Imagine you’ve created a model of a successful product. It’s been released – it’s out there; perhaps even in production already. But then – based on some user feedback or maybe you just wake up with a new idea – you modify it. Your new change happens to make the product better in every single way.
What we’ve just described is certainly a new revision to a part, but of a special type. The new revision supersedes the old. We don’t want to use the old revision of the part ever again. In Onshape, we can handle this process through a Release Management flow called Obsoletion.
What Is Obsoletion in Onshape?
Obsoletion is a part of Onshape’s Release Management tools. It’s a simple way to mark that a previous revision has been superseded by a newer one, and no longer for use. Parts that have been obsoleted are clearly listed in the Where Used and Revision History data. They maintain all references and version history (nothing will be deleted), but have two important behaviors worth mentioning:
An obsoleted part revision is deliberately blocked from being inserted into any new assemblies. Even though the obsoleted revisions still exist, they are simply absent from the “Insert” and “Update Linked Document” dialogs. This means that no user can reference that part in a new design, even by mistake.
Any assembly or drawing containing a reference to a part that has been obsoleted will indicate this upon attempting to release.
These behaviors clearly reinforce to all users that the obsolete part should not be used, and needs to be updated with the newer revision.
How to Obsolete a Part
The Obsoletion process is very simple, and can be completed before or after the new revision has been issued.
Navigate to the element you wish to obsolete. If it’s a part, right-click on it from the parts list in the Part Studio. If it’s an assembly, right-click the assembly tab. Select “Revision History”.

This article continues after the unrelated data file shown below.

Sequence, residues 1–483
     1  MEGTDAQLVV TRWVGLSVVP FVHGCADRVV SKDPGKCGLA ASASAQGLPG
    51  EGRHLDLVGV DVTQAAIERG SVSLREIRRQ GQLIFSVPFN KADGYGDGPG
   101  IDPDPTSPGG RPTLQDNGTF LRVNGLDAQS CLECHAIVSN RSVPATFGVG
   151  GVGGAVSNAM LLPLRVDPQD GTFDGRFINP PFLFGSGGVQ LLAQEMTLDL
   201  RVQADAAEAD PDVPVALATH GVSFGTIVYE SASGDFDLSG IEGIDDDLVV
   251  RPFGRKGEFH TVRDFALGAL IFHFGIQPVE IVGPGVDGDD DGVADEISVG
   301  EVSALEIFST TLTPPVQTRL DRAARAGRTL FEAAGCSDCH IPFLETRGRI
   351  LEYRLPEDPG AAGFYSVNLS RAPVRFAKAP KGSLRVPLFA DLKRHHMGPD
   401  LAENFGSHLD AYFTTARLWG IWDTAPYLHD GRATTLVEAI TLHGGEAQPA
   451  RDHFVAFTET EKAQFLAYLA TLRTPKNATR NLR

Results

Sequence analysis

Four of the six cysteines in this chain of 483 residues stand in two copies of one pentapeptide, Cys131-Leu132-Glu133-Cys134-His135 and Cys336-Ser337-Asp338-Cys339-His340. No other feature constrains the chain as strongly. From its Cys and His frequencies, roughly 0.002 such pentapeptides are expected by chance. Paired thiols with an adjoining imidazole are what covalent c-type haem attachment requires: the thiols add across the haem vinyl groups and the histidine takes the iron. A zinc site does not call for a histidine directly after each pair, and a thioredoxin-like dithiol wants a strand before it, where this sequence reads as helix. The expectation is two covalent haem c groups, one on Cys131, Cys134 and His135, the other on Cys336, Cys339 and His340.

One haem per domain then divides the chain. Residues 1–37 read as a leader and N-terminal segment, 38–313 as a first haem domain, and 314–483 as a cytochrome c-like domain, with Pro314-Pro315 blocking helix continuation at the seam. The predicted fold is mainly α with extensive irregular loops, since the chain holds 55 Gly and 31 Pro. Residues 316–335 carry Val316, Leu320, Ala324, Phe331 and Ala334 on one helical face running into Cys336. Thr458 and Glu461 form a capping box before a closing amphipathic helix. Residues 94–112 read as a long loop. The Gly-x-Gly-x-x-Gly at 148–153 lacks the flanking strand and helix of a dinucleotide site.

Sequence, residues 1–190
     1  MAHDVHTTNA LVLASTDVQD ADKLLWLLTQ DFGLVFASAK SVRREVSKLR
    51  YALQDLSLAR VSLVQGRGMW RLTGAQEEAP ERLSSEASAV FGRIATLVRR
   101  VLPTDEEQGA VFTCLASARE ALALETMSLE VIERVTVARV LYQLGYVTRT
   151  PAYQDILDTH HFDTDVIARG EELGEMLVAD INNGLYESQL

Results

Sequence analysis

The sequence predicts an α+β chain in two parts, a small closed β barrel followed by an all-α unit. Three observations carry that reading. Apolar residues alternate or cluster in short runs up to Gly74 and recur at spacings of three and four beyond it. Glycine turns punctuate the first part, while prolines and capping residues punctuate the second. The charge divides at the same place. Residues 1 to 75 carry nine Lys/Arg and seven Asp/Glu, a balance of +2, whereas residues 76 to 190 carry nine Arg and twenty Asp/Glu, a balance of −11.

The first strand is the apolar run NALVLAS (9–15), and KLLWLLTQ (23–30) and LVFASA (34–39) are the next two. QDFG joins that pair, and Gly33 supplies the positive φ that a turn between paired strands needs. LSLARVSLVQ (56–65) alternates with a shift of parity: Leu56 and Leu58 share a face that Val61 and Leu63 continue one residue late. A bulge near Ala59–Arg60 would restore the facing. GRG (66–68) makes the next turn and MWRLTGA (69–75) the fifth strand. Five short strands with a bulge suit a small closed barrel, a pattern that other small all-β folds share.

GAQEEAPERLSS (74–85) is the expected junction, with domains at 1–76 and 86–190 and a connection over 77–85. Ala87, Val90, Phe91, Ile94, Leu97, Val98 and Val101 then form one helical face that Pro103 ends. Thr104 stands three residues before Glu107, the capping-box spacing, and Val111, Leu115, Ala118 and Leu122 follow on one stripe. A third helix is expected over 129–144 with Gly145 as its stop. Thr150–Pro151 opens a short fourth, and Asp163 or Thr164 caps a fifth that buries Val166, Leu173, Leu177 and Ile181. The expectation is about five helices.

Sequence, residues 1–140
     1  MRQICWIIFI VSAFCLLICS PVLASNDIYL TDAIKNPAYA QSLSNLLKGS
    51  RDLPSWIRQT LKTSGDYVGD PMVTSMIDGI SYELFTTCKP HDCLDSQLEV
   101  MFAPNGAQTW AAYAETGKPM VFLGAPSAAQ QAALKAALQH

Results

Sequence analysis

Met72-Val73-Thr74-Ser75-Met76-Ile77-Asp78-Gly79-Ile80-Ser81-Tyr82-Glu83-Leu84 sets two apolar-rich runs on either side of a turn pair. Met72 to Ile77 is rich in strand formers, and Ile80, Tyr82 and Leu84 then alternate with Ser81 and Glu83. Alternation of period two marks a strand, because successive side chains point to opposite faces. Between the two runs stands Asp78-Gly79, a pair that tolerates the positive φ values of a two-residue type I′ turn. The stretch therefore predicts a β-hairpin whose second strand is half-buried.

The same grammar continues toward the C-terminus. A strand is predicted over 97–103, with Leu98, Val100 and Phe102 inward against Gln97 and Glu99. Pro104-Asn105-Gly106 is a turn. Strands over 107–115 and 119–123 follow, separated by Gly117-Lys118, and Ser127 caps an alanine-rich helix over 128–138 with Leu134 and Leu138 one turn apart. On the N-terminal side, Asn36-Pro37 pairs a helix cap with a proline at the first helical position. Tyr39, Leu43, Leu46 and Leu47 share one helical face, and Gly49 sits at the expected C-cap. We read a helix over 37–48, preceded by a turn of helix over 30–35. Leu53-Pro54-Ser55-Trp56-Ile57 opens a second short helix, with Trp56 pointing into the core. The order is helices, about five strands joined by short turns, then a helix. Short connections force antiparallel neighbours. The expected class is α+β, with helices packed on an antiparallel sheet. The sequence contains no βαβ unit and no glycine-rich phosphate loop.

Find the revision you’d like to obsolete and click the “Obsolete Revision” button.
The “Obsoletion” dialog will appear. Fill out the appropriate fields, and select “Obsolete”.
Note: similar to a release workflow, if approvers are required, the obsoletion will need to be approved before it takes effect.
That’s it! Your previous revision has now been obsoleted and will exhibit the behaviors mentioned above. Notice if you bring back up the “Revision History” from step 1, you’ll clearly see that the revision is obsoleted as well, with the option to view the “Obsoletion” dialog.
To see this process live, please take a look at the video below:
Using Obsoletion Workflows
The above process showed how to manually obsolete a single part on an as-needed basis. However, in some organizations any new release always supersedes the previous one. When this is the case, there is an option in the Release Management settings to automatically obsolete the previous revisions upon the approval of a newer one.
Finally, if you are using Onshape Enterprise, your Obsoletion workflows are fully configurable just like a Release workflow. This allows you the flexibility of multiple approvers, additional metadata fields, and much more.
Interested in learning more Onshape Tech Tips? You can review the most recent technical blogs here.